Smart water management systems improve efficiencies in Guiyang City, People’s Republic of China

July 2017

Established in 1938, Guiyang Water Company started out as a forestry and farming water resources company in the capital of Guizhou Province, the People’s Republic of China.

 

After more than 7 decades, the organization saw several transformations until it became the Guiyang Beikong Water Group Company (BEWG).

 

BEWG, a publicly-owned water utility, currently serves around 2.1 million people covering six districts (Yunyan, Nanming, Guan Shanhu, Wudang, Xiao He, and Huaxi). With nearly 1,500 personnel, BEWG operates eight water plants, 17 pump stations, and a distribution network of about 1,700 kilometers. Its operation is capable of producing around 600 million liters of water on a daily basis, serving 97% of its coverage area.

 

With such massive inventory of equipment and infrastructure under its responsibility, BEWG recognized the need to upgrade its asset management program in order to maintain and further improve the delivery of services to its ever-growing customer base. In coordination with the China Urban Water Association, ADB’s focal partner for WOPs in the country, BEWG became a recipient of CWW’s mentorship.

 

Both agencies held a series of study visits, remote consultations (through e-mail and video chat) in between visits, and training of personnel to facilitate technology and knowledge transfer.

 

Over 2 years (April 2013 to July 2015) the partnership also focused on implementing an asset inventory and maintenance program on all water supply assets of BEWG within a selected pilot area within the Wudang district. Through the introduction and development of a smart water management system (SWMS), information was collected on all the assets (location and prevailing condition) and maintained in a database, which later served as inputs in the development of a preventive maintenance program Pipeline Asset Management System.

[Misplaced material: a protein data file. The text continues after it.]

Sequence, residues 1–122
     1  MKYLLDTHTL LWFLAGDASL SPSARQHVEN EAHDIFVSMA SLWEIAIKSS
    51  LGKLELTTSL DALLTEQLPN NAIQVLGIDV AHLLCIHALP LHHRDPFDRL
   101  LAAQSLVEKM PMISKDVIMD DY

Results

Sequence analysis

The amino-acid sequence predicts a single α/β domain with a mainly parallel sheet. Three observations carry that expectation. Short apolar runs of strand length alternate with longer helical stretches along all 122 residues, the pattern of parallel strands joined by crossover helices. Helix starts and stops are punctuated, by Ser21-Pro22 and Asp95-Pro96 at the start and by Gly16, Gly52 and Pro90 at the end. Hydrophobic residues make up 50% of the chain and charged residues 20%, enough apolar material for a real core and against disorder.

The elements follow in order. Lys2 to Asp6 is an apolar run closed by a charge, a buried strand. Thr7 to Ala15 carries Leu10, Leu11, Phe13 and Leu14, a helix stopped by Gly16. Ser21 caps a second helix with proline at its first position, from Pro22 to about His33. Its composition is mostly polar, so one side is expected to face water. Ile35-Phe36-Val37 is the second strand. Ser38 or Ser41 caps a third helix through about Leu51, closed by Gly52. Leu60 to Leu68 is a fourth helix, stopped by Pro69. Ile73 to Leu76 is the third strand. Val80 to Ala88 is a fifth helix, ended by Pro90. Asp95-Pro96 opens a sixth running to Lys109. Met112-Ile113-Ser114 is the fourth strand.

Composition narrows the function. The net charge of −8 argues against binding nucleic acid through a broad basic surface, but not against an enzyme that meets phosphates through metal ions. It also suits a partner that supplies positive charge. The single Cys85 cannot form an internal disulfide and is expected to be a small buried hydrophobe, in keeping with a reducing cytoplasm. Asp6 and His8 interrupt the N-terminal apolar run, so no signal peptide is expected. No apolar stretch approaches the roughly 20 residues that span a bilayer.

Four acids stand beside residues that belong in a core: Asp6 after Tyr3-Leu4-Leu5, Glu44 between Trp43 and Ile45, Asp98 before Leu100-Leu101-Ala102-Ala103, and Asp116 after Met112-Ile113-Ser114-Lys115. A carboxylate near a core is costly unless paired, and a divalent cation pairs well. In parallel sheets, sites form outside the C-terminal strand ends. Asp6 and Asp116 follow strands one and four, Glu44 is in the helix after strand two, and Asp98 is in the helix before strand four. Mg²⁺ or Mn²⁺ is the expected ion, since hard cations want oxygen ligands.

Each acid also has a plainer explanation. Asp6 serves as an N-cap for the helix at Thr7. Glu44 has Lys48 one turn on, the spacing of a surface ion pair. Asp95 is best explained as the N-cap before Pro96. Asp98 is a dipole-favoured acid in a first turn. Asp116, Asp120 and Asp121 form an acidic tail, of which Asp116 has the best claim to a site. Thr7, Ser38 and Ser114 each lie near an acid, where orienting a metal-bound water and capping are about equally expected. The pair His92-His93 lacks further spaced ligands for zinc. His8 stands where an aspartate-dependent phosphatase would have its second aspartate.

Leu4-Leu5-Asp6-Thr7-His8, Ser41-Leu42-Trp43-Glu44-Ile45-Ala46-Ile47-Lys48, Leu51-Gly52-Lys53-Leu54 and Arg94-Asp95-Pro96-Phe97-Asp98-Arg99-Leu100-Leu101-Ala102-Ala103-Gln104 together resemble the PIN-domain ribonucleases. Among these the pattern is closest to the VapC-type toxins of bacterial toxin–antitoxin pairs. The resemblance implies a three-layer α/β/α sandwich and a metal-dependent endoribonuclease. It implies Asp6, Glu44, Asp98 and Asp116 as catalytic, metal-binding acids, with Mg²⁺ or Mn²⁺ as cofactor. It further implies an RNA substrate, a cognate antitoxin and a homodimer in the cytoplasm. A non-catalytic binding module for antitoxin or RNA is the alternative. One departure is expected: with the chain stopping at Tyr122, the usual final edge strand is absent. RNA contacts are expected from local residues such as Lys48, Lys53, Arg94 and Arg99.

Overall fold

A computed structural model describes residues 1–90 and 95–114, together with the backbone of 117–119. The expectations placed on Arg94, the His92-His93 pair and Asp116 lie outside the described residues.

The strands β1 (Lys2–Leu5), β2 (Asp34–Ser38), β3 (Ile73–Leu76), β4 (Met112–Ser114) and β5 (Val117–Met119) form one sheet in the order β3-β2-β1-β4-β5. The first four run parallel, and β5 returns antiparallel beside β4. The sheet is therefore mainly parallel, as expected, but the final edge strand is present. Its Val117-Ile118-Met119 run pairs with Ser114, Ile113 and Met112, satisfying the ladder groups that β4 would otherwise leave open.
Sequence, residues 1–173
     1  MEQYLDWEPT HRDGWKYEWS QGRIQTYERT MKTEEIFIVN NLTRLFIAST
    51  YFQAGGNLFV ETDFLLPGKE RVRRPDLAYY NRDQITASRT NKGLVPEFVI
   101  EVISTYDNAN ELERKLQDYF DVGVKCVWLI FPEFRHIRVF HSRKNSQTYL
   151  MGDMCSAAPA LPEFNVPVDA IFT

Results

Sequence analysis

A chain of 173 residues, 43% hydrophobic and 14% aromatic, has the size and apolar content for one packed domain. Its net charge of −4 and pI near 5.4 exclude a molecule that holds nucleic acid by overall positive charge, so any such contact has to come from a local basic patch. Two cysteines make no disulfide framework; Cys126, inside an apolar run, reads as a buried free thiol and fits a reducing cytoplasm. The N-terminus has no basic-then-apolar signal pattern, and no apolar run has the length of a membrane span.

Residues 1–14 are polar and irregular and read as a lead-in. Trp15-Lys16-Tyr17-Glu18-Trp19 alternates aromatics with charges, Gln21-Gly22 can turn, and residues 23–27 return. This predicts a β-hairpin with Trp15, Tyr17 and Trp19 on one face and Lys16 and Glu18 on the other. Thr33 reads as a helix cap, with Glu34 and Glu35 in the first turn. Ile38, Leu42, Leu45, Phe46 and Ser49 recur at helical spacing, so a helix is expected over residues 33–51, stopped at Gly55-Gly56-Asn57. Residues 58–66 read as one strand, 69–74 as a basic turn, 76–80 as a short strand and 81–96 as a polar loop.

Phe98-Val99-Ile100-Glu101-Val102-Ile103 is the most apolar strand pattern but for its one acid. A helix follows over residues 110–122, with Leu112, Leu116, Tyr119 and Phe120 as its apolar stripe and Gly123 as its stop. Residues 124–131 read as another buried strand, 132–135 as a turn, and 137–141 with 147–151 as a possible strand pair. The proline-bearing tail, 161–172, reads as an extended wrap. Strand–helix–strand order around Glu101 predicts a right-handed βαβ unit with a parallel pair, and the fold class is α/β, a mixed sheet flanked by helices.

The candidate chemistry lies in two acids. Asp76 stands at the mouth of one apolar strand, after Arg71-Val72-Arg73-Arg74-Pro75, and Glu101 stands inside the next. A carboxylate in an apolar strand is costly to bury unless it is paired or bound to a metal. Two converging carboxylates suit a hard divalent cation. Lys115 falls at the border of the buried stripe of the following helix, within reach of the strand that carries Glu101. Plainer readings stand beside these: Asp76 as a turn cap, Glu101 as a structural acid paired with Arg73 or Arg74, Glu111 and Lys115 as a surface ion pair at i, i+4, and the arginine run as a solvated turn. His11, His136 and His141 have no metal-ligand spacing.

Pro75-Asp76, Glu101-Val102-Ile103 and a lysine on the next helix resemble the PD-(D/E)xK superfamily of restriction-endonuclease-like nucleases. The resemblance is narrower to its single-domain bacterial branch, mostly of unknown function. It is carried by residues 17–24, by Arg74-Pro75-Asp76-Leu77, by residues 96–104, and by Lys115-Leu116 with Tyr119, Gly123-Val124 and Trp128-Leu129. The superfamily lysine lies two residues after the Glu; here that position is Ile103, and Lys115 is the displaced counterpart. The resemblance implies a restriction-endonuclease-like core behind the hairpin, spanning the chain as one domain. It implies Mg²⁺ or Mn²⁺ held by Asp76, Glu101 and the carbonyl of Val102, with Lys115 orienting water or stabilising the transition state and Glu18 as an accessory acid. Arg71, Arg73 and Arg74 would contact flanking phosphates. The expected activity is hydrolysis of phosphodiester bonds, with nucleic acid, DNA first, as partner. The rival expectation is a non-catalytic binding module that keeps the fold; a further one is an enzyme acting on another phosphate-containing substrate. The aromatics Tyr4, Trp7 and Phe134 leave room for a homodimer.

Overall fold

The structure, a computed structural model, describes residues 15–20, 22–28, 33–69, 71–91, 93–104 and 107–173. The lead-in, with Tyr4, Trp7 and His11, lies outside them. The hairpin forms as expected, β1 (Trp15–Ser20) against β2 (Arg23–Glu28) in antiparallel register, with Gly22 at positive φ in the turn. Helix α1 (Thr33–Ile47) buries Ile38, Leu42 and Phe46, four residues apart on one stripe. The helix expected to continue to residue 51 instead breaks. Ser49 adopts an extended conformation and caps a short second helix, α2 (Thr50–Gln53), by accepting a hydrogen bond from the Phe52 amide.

Monitoring the success of the asset management activity was carried out through of a range of key performance indicators (KPIs). The results were positive despite the protracted time over which it was implemented:

  • Improved ability of technical personnel to know the exact location of BEWG’s assets at any given time;

  • Improved staff awareness on the importance of asset management and its practices;

  • Reduced time allotted for network repairs and shorter periods of downtime;

  • Increased awareness on potential construction standard issues particularly in areas where maintenance works are carried out

  • Establishment of a centralized team responsible for implementing and improving asset management across all of BEWG’s six districts; and

  • Establishment of performance incentives for field supervisors and maintenance staff to carry out repair works at the shortest possible time.

 

News of Wudang’s successful asset management pilot testing eventually reached neighbouring districts. Huaxi district followed suit using the same system and format used in Wudang.

 

The partnership between BEWG and CWW has opened up new frontiers and opportunities. Convinced of the promising value of improving operations, BEWG management decided to expand the coverage of SWMS to its entire operational area.

 

The roll-out is expected to be implemented within the next 3–5 years.

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